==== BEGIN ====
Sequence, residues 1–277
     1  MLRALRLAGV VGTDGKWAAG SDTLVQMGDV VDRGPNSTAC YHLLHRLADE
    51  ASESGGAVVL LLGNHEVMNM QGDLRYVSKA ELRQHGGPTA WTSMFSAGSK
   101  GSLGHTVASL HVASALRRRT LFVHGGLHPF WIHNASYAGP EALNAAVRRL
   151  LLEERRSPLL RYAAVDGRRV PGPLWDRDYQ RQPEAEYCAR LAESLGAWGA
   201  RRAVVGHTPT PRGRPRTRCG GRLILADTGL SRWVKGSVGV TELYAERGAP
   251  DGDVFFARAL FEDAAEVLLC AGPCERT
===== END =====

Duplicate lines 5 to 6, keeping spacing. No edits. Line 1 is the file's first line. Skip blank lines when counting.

   151  LLEERRSPLL RYAAVDGRRV PGPLWDRDYQ RQPEAEYCAR LAESLGAWGA
   201  RRAVVGHTPT PRGRPRTRCG GRLILADTGL SRWVKGSVGV TELYAERGAP